But when the delegates returned on January 25th with their reports from the localities, the NAC declined to issue a strike call. The delegates from London and Clydeside both strongly favored strike action, but neither had held a workshop ballot on the question. In Sheffield and Manchester, workshop meetings had shown the rank and file to be "opposed to strike action against the war." At another conference in April, most of the delegates reported that the workers were not willing to support an antiwar movement. Hinton argues that although the NAC may have had no choice but "to abdicate responsibility for the mass movement" in January 1918, the decision not to strike against the war "proved a fatal blow from which the movement…did not recover after the war."39
Burgess criticizes Hinton for ignoring the "wider political climate" and focusing too exclusively in his explanation of the rank-and-file movement's failure on "internal divisions in the movement that can be reduced simply to variations in productive relations" (i.e., the divisions between skilled and less skilled workers). He argues that the government's efforts after mid-1917 "to develop new institutional forms for the containment of industrial conflict [e.g., the Ministry of Reconstruction] created a new ideological discourse that offered hope for the future," and were thus instrumental in preventing the movement from expanding its base of support "to the degree required for a fundamental political challenge to the power of the state."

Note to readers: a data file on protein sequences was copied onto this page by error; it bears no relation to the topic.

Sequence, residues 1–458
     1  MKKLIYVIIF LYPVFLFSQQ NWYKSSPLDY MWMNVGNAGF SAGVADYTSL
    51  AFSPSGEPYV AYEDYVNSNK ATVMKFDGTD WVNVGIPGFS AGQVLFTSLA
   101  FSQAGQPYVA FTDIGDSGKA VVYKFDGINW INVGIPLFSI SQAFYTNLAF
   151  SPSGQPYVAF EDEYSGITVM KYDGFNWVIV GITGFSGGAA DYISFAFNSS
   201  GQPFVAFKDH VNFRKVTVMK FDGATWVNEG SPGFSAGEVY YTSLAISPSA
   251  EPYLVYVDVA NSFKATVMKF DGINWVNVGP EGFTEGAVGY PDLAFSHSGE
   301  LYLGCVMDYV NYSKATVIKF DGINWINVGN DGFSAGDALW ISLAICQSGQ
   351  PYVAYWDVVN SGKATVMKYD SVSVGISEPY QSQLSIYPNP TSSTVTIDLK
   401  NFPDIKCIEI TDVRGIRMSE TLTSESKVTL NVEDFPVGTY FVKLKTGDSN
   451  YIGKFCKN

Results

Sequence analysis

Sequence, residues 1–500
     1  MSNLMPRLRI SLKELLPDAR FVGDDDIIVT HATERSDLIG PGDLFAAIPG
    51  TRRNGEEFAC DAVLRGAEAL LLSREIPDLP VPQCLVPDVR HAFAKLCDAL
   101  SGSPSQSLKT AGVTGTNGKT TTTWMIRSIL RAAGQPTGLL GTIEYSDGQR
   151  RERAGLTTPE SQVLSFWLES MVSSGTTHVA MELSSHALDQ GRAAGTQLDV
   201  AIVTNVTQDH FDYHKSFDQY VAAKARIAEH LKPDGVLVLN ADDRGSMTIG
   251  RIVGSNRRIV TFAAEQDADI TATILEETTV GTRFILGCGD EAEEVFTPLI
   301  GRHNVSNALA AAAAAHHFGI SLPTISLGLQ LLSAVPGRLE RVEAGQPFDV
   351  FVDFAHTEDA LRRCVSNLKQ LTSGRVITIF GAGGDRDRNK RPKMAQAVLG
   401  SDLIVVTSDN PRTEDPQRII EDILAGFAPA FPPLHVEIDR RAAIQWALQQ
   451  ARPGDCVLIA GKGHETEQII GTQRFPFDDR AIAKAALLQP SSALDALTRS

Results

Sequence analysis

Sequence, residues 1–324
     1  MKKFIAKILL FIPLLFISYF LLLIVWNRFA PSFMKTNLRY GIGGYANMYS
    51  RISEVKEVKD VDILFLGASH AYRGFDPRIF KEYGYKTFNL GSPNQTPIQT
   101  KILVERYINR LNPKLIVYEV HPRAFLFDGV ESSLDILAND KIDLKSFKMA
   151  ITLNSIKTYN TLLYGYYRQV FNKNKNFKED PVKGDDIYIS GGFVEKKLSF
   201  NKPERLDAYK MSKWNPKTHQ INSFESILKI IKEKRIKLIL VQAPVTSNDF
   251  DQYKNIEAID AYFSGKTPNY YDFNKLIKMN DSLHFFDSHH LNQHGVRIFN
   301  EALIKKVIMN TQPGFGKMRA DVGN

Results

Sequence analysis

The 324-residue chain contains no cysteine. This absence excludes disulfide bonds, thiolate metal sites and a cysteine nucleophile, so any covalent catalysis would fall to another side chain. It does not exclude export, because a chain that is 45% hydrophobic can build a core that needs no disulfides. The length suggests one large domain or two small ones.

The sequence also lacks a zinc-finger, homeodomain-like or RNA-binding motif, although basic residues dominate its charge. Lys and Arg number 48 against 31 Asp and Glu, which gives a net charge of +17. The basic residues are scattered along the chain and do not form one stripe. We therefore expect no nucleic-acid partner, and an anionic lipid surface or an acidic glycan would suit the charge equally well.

Furthermore, "the reconstruction of the Labour party during 1917-18, with clause four of its new constitution widely interpreted as an indication of its commitment to socialism, appeared to offer working people hope in the constitutional road to an improved tomorrow" and thus made a "Bolshevik- style seizure of power" seem unnecessary.40 Burgess also criticizes Hinton's explanation of skilled engineers' wartime militancy, arguing that it was the "politicization of productive relations rather than any inherent technological dynamism" that explains the extent and character of the engineers' militancy during the war.41 For his part, Hinton seems to assign roughly equal explanatory weight to the politicization of production and the technical transformation of the engineering industry, arguing merely that "[t]he struggle over rationalization and dilution of labour is at least as important a part of the context of the shop stewards' movement as the struggle against industrial compulsion."42 If Hinton is overly economistic, Burgess is equally culpable of privileging politics and state-generated discourses at the expense of more purely material considerations.